Pay gap continues to jump between equity and non-equity

The pay gap between equity and non-equity partners continues to increase globally, and Australia is no exception: We explore why this is happening and whether the trend is here to stay

The compensation gap between equity partner and non-equity partners, particularly in the larger law firms, continues to leap in a market where “the cake is getting bigger but the slices are less”.

The issue has been gaining prominence in the United States after being highlighted by legal search consultant, Major, Lindsey & Africa.

The third edition of its Partner Compensation Survey revealed that average equity partner compensation is US$971,000, as compared to the non-equity partner average of US$338,000.

The reported average originations by equity partners of US$2.81 million in 2014 represents an increase of 7% while the reported average originations by non-equity partners fell 6% to US$670,000.

Closely related to this, the research found that now more than ever compensation is driven by a partner’s ability to bring in revenue.

Of the survey respondents, 74% considered originations to be very important when determining compensation and 66% cited originations as the most important factor.  Furthermore, 55% of all respondents considered originations as becoming a more important factor than in the past.

But these results aren’t unique to America and we’re increasingly seeing the same trends Down Under says Katherine Sampson, the managing director of legal recruitment agency Mahlab.

Although the agency’s comprehensive 2014 report didn’t specifically distinguish between equity and non-equity, Sampson told Australasian Lawyer the pay disparity is something she’s very aware of in Australia.
Here – in the major firms – non-equity partners are likely to be earning about two-thirds of that of their junior equity counterparts, and less than half of a full equity partner, she says, adding that there are a number of different categories non-equity partners fall into.

The “classic” is the senior associate who has proven themselves and will be made partner as a stepping-stone to becoming an equity partner. While their salary will still be below a junior equity partner, most lawyers in this category expect to be earning less.

“The next part is the de-equitised partners. They are either not meeting billing standards or want to pull back from full-time work,” Sampson says. “That group is a hard group for firms to manage. In going back to employee status, to the world you look like a partner, but you’re not really going anywhere.”

If the partner has been de-equitised for performance issues, those issues will probably not go away, and in some cases the problem can become even more entrenched.

But Sampson stresses that not everyone who makes the transition from equity to non-equity has done this because of performance issues – a large proportion have actively chosen to pull back for a variety of reasons.

The last group of non-equity partners are those that are not on track to equity at all.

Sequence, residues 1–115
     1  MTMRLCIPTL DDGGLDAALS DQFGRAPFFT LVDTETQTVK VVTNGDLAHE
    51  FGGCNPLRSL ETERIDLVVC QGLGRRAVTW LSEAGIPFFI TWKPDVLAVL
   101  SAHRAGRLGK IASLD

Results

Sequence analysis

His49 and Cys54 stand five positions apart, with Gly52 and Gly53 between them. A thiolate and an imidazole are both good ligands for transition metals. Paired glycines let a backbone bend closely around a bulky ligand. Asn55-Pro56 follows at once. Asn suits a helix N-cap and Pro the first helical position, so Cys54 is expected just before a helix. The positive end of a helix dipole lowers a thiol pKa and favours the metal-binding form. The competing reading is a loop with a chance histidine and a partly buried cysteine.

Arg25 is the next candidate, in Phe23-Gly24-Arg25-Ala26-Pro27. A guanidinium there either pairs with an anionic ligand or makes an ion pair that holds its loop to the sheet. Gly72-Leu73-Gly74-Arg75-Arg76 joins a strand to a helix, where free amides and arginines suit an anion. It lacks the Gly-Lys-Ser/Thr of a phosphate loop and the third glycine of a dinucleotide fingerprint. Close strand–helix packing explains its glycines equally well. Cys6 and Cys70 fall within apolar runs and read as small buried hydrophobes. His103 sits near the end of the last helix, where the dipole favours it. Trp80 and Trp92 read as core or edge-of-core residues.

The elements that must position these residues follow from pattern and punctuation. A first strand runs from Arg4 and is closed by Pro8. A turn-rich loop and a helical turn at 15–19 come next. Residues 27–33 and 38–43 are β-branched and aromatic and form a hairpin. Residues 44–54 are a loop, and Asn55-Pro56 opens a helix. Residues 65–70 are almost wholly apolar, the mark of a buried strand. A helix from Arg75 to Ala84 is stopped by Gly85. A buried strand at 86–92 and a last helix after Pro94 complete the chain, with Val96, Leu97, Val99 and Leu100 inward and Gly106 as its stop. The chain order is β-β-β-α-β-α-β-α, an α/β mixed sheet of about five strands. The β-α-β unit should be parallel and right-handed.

This is especially common in mid-tiers where there’s a very small equity holding, or in firms that are modelled on having a small leadership base, she says.

Overall, the trend has seen fewer numbers of equity partners in the Australian market and new seniority structures being created to delay entry into equity.

“Not only are people having equity taken off them, but it’s much harder to get equity now,” she says. “They don’t want to share the equity cake, so they’ll create another category pre-equity…We’re assuming they’re earning more because the cake is getting bigger but the slices are less.”

This withdrawal from sharing equity has been a phenomenon that has occurred particularly over the past three years in response to an overall tightening in the market, and Sampson doesn’t see it changing anytime soon.

Looking forward, she says a new trend lies amongst equity partners themselves.

Those who have the ability to generate fees and have a captive client base are sometimes being paid “super bonuses” in an effort to keep them at that firm, creating growing disparities between them and those who are on the same number of equity points but are not performing at the same level.

“That’s becoming more pronounced because over the past few years partners have been more inclined to move around,” says Sampson.

John Nerurker, The CEO of national firm Mills Oakley, told Australasian Lawyer he feels a remuneration model built on a blatant disparity between equity and non-equity partners is counterproductive over the longer term.

“It breeds resentment and can cause good partners to jump ship to other firms. That is the last thing we should want in the legal profession, where clients follow legal talent. And like many countries around the world, the Australian legal sector has an active lateral market,” he says.

Nerurker believes the pathway to equity needs to be transparent and with crystal-clear criteria.

“I like to refer to it as ‘equity in equity’. That is, we have an equitable approach to achieving equity at Mills Oakley. If you meet the criteria – and there’s nothing muddy about those criteria – then, as sure as night follows day, you can be guaranteed to be formally considered for an equity position.

As of July 1, the firm, which currently has a partnership of 60, has promoted 9 salaried partners into the equity ranks.

“It means that we are not only retaining great legal talent at the partner level but our more junior lawyers can see the possibilities for themselves,” says Nerurker.

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